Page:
One year ago at the announcement that Mark Saunders would be Toronto’s first Black police chief, Anthony Morgan, then with the African Canadian Legal Clinic, gently advised Saunders not to accept “collateral damage” in serving and protecting the community.
The charismatic new chief – an excellent listener – said he would take it under advisement or words to that effect at a meeting attended by The Camera.
Eventually, Saunders, who is of Jamaican heritage, was sworn in at a packed ceremony inside Toronto police headquarters with great anticipation and excitement.
But 12 months on, Saunders faces stiff challenges, especially if current trends persist.
Homicides in 2016 are double where they were this time last year, up from 15 to 30 and that could be a major challenge in the chief’s second year. Also, like an albatross around the chief’s neck is Black on Black gun violence.
A random sample of 804 Toronto voters conducted last week showed 48% of those polled approved of his performance, with four in 10 rating him as “excellent” or “good,” while the same number said he was “fair” or “poor.”
In 2015, it was said that Toronto’s top cop had a wide field of support, including from Toronto Police Association but not everyone is still singing from the same song sheet.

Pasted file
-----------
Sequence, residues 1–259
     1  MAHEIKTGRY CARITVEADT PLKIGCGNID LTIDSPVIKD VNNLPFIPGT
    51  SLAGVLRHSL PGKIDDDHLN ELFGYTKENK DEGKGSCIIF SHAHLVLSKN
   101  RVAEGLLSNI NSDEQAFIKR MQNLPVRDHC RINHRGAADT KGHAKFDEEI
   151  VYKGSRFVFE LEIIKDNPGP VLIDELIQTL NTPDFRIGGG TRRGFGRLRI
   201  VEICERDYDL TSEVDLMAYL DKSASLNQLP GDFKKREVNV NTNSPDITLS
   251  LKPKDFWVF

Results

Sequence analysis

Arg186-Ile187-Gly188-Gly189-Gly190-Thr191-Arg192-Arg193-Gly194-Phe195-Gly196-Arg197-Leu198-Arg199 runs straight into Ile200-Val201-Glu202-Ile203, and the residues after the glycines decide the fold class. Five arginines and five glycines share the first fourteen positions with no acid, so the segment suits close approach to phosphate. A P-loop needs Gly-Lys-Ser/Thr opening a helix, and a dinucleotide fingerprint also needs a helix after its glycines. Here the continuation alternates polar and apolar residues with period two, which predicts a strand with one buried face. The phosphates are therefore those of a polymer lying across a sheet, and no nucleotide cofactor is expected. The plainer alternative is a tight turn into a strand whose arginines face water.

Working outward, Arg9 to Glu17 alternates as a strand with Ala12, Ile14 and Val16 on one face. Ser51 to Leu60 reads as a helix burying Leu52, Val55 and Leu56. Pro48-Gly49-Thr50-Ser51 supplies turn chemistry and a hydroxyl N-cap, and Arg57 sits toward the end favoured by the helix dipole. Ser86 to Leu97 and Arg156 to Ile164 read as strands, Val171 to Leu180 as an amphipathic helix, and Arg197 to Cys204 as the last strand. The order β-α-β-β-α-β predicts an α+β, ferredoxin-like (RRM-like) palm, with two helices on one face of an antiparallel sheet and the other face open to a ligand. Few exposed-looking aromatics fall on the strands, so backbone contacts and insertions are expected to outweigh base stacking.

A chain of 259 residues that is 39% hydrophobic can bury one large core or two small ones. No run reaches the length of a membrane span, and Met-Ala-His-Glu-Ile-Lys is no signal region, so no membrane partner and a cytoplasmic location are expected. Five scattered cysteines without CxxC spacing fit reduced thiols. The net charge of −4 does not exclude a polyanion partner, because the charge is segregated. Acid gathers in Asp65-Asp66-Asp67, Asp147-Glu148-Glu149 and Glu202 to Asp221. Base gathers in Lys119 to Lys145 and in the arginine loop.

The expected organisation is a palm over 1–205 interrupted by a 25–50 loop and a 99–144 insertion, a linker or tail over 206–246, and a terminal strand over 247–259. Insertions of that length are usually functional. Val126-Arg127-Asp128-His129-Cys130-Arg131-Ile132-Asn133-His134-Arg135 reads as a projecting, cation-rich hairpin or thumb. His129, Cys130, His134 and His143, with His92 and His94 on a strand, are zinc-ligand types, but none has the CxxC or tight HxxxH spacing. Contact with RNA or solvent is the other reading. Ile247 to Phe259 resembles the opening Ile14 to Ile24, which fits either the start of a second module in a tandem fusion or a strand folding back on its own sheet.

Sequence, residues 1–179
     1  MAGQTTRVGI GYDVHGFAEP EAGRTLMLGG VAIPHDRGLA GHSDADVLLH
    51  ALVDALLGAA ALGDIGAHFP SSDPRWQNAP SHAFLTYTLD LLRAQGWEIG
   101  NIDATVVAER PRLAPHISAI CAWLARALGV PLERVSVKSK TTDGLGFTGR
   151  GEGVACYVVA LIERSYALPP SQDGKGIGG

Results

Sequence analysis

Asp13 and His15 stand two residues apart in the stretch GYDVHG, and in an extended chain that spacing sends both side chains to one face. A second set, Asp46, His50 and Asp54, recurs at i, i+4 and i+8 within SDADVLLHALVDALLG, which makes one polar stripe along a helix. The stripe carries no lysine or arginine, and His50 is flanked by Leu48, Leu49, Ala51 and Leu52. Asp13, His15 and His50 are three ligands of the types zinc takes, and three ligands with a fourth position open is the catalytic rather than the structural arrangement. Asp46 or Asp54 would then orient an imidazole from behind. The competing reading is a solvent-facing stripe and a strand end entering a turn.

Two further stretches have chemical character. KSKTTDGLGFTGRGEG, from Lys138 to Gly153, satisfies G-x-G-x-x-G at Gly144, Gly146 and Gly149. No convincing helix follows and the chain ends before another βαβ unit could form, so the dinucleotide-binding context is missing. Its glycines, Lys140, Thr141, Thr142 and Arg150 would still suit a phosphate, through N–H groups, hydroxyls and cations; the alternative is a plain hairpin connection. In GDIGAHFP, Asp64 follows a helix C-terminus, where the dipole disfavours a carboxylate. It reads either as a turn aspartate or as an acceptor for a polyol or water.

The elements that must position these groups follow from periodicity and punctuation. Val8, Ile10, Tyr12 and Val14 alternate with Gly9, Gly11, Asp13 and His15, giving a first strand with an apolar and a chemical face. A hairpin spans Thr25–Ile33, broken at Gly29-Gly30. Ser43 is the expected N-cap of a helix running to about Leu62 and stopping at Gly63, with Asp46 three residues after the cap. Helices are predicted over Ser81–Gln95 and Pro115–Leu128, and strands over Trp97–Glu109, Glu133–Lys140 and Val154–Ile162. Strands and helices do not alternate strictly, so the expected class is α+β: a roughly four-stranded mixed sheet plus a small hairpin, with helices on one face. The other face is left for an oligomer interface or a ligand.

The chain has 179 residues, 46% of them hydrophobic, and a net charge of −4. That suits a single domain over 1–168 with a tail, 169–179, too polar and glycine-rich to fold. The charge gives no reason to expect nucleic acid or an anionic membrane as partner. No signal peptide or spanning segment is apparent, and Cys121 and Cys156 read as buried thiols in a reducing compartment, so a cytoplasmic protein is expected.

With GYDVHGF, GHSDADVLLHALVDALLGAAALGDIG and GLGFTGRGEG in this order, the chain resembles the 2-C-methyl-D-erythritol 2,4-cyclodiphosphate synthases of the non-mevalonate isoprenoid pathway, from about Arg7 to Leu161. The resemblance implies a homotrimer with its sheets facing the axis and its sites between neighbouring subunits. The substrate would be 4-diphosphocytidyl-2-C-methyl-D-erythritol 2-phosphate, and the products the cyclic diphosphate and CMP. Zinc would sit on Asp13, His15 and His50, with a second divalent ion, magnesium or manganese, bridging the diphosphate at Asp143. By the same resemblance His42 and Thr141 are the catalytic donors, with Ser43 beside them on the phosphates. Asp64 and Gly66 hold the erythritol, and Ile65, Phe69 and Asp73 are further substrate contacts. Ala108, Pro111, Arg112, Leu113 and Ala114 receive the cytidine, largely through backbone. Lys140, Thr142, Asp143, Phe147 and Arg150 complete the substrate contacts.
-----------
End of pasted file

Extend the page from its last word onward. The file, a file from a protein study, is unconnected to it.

Today, Morgan has since moved on to working with community-rooted law firm Falconer LLP. He says that “Probably the greatest threat at this point to any interest that Chief Saunders has to increasing equitable, transparent and accountable policing in the baseless and often incendiary rhetoric of (police association president Mike) McCormack, who is acting as chief, in terms of who is having their say.”
Some naysayers – including some of former deputy chief Peter Sloly’s followers – are unhappy with Saunders performance, “grappling with trust issues a year into the job,” said Kenton Chance, president of the Association of Black Law Enforcers (ABLE). (Sloly, also Black, was passed over for the chief’s job and later resigned.)
“It’s really early to be critical of what Chief Saunders is doing. I think he’s working very, very hard. He’s trying to reach out to the community and trying his very best to keep the city safe,” Chance said.
For instance, Saunders was praised for taking the leadership and disagreeing with the police association as they attempted to link to carding the shooting of Rochelle Bobb who died but whose baby was delivered via emergency C-section.
Saunders calls himself focused on the importance of community building and says he refuses to use fear as a tactic. Instead, he says the city’s anger must translate in community members coming forward with information to help investigations.
One year later, despite all the early hope, his impact remains a work in progress.